|Nutritional Guidelines (per serving)|
|Servings: Makes 4 servings|
|Amount per serving|
|% Daily Value*|
|Total Fat 20g||26%|
|Saturated Fat 6g||30%|
|Total Carbohydrate 3g||1%|
|Dietary Fiber 1g||3%|
|*The % Daily Value (DV) tells you how much a nutrient in a food serving contributes to a daily diet. 2,000 calories a day is used for general nutrition advice.|
Caprese salad is a delicious tomato salad and it couldn't be easier to make. Like all simple dishes, the quality of the ingredients really shines, so be sure to use the ripest, most flavorful tomatoes you can find, absolutely super fresh, creamy, beautiful mozzarella, and fragrant sparkling green basil in this caprese salad recipe. This recipe is endlessly flexible—the amounts below are more guidelines than anything. Feel free to pay with the proportions or add other elements to suit your taste.
- 6 medium very ripe tomatoes
- 4 ounces fresh mozzarella
- 6 large basil leaves
- 4 Tablespoons good quality extra virgin olive oil
- Salt, preferable good quality sea salt (optional)
Core out the stem end of the tomatoes, removing any white-ish flesh near the stem, by inserting a paring knife at a 45-degree angle near the stem, rotating the tomato around the blade, and removing (and discarding) the bit of core.
Cut the tomatoes into 1/4-inch slices (a sharp knife will help make smooth and even slices).
Cut the mozzarella into similarly 1/4-inch slices. More important than the exact thickness of the tomatoes and the mozzarella, is that they are all evenly sliced. The balance between the bright tomatoes and creamy mozzarella is the key to the appeal of this simple creation.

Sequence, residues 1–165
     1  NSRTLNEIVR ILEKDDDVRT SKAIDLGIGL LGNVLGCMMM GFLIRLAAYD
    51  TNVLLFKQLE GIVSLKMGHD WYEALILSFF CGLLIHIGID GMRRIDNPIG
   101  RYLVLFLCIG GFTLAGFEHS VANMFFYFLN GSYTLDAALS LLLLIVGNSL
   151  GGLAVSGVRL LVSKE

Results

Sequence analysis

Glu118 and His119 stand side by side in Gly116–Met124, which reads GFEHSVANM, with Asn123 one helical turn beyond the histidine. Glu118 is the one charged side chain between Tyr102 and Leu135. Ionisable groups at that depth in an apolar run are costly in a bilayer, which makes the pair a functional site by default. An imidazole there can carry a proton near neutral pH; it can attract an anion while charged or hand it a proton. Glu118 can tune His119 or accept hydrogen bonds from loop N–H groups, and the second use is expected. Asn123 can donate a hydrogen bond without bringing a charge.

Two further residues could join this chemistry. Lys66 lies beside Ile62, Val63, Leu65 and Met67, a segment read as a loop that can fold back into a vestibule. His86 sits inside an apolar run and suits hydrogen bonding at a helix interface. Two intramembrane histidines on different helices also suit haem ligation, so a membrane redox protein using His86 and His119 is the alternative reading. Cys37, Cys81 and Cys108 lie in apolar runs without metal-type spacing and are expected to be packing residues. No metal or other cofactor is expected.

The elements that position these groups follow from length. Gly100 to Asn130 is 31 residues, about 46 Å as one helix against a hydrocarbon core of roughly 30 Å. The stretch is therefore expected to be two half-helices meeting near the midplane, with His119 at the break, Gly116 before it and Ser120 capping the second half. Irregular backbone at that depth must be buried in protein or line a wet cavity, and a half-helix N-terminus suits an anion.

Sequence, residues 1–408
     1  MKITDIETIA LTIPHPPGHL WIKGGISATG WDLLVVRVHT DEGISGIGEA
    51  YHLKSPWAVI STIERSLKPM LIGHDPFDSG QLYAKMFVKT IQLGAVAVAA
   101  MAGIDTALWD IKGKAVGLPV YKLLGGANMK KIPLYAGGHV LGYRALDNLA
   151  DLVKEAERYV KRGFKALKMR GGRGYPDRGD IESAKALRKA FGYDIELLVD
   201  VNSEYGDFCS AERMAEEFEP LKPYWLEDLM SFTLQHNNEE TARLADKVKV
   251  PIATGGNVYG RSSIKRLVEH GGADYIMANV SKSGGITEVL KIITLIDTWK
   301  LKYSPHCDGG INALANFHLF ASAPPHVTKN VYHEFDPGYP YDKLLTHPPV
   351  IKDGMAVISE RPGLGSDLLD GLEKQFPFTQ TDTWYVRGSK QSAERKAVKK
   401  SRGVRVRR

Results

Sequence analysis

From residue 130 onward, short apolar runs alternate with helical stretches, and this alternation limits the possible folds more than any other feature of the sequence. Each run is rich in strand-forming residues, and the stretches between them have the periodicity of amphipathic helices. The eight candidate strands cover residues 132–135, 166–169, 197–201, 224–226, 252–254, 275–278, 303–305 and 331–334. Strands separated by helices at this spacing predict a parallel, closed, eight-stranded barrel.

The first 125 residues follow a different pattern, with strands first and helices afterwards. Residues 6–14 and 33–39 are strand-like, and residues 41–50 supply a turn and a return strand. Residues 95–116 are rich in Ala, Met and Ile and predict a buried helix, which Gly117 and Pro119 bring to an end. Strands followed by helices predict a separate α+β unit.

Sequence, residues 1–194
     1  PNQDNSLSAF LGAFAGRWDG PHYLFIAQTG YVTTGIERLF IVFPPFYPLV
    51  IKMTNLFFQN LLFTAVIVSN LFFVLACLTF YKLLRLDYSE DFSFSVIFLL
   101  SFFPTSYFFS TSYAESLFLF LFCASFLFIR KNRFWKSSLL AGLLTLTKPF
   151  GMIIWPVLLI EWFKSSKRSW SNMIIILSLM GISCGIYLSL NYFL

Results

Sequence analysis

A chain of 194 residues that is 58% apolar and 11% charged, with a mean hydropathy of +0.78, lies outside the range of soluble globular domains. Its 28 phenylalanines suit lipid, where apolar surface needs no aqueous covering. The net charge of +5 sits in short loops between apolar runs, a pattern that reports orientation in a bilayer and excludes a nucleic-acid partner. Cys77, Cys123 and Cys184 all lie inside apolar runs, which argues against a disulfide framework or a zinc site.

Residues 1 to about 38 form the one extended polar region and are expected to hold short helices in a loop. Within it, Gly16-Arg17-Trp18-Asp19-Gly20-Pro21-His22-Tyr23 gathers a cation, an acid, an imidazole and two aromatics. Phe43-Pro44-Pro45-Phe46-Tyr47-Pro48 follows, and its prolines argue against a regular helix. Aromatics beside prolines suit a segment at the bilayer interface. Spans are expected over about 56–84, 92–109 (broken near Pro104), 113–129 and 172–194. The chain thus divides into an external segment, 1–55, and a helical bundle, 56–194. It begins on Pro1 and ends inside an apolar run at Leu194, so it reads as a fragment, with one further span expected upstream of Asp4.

Layer the tomato and mozzarella slices on a serving platter or on four individual salad plates. You can layer them quite literally, just on top of one another, or fan them out more, which is what I prefer, so every layer gets a hit of the basil and the olive oil that are to come.
Drizzle the salad(s) with olive oil and them sprinkle them with salt to taste, if you like. Lots of people prefer Caprese salad un-salted, but to my taste buds, even the best tomatoes benefit from a little hit of sodium.
You can leave the basil leaves whole, tear them by hand into smaller pieces, or cut them into ribbons. For the elegant ribbon-like effect, layer the basil leaves one on top of the other, roll them up lengthwise, and use a sharp knife to cut the roll into very thin slices. Ribbons of fresh basil will be the result.
Sprinkle the basil over the salad(s). Serve immediately.
- Want to make these ahead? They will suffer. You can cut the mozzarella ahead of time, but this salad is so quick to come together, we can't recommend the last-minute approach strongly enough!